Parents want to convert closed Sacramento campus into charter school

A group of parents Thursday night will urge Sacramento City Unified trustees to approve a charter school at Joseph Bonnheim Elementary, one of seven campuses closed last year due to falling enrollment.

The petition – initiated by parents late last year – seeks to educate more than 320 K-6 students starting in the fall. The charter school would hire district teachers, administrators and classified staff subject to collective bargaining. That approach helped parents win support last month of the Sacramento City Teachers Association, which historically has been critical of charter schools.

Many backers of New Joseph Bonnheim Community Charter School opposed the elementary school closures, which predominantly affected lower-income neighborhoods with disadvantaged students. Before Bonnheim’s closure, 94 percent of students at the south Sacramento campus qualified for free or reduced-price meals.

The school’s theme would be based on agriculture, drawing from the industry in the region. It touts support from agricultural organizations and educational institutions. The charter school also would pursue a “body-brain approach to teaching” that incorporates physical activity into academic exercises.

The educational plan, according to the petition, mirrors the Yav Pem Suab Academy on South Land Park Drive, which includes a Hmong-language component. The academy was founded by Dennis Mah and approved as an independent charter in the district in 2010. Mah has offered to lend $300,000 in startup costs and to work for free at Bonnheim, he said.

New Joseph Bonnheim proponents initially submitted an application in December, but district staff recommended that the board reject the school. They said petitioners failed to adequately describe challenges facing the school’s target population, show an understanding of student needs or define approaches that would meet those needs. The board at the time voted to table the petition so that it could be retooled for reconsideration.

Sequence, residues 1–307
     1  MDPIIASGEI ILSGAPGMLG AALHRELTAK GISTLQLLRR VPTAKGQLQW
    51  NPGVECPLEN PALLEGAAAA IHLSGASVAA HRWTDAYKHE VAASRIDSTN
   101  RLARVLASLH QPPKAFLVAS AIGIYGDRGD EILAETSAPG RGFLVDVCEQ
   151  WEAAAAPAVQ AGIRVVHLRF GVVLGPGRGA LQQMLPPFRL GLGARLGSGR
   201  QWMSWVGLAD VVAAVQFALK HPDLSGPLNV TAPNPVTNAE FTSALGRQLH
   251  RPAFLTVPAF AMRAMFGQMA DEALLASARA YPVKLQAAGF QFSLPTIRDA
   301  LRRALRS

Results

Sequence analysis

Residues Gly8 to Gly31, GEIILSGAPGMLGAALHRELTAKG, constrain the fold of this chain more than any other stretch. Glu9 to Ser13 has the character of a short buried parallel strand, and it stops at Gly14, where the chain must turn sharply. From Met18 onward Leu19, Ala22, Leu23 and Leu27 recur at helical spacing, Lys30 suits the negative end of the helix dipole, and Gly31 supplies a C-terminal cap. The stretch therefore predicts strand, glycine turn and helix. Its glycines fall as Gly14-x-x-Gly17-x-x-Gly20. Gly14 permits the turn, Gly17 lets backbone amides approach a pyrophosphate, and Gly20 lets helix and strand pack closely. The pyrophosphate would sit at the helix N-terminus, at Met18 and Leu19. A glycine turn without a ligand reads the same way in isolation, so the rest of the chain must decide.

The latest petition has found similar district resistance. In a report Friday, staff reviewers found the proposed educational program lacked clarity in governance and hiring matters. And they repeated warnings that the petitioners are unlikely to succeed in launching the charter school and did not meet state Education Code requirements in explaining programs.

Advocates expressed disappointment at the latest critical staff report. They spent much of this week knocking on doors in the Bonnheim neighborhood rallying parents to appear at Thursday night’s meeting.

Arthur Aleman, one of the three petitioners leading the effort, said parents of more than 300 students have said they would support the plan, including parents of dozens of students who live outside the district.

Aleman’s granddaughter, 11-year-old Destiny Silva, said she will start the fifth grade at Bonnheim if it is reopened. Before the school closed, Destiny said, she was able to ride her bike the three blocks to school. Currently, Aleman drives his granddaughter 4 miles to David Lubin Elementary School in east Sacramento.

“It’s not about keeping the school (Bonnheim) open,” Aleman said. “We want something new in this community to inspire kids in education. It’s something that is needed. The district is losing students. Let’s bring them back.”

At a May 15 hearing on the petition, Trustee Gustavo Arroyo, who represents the Bonnheim neighborhood, was enthusiastic.

In his six years on the school board, “this is the first time I’ve seen proponents of charter schools led by parents,” he said, based on a recording. Arroyo called the school’s proposed agricultural theme “phenomenal.”

Others also lauded the parent effort but had questions.

“It’s parent engagement at its finest,” Trustee Christina Pritchett said at the May 15 meeting before asking a series of budget and staffing questions.

“We’ll see what happens at the public hearing,” Board President Patrick Kennedy said this week in a voicemail. “Overall, I think that staff has put forward … serious concerns over the finances, among other things.”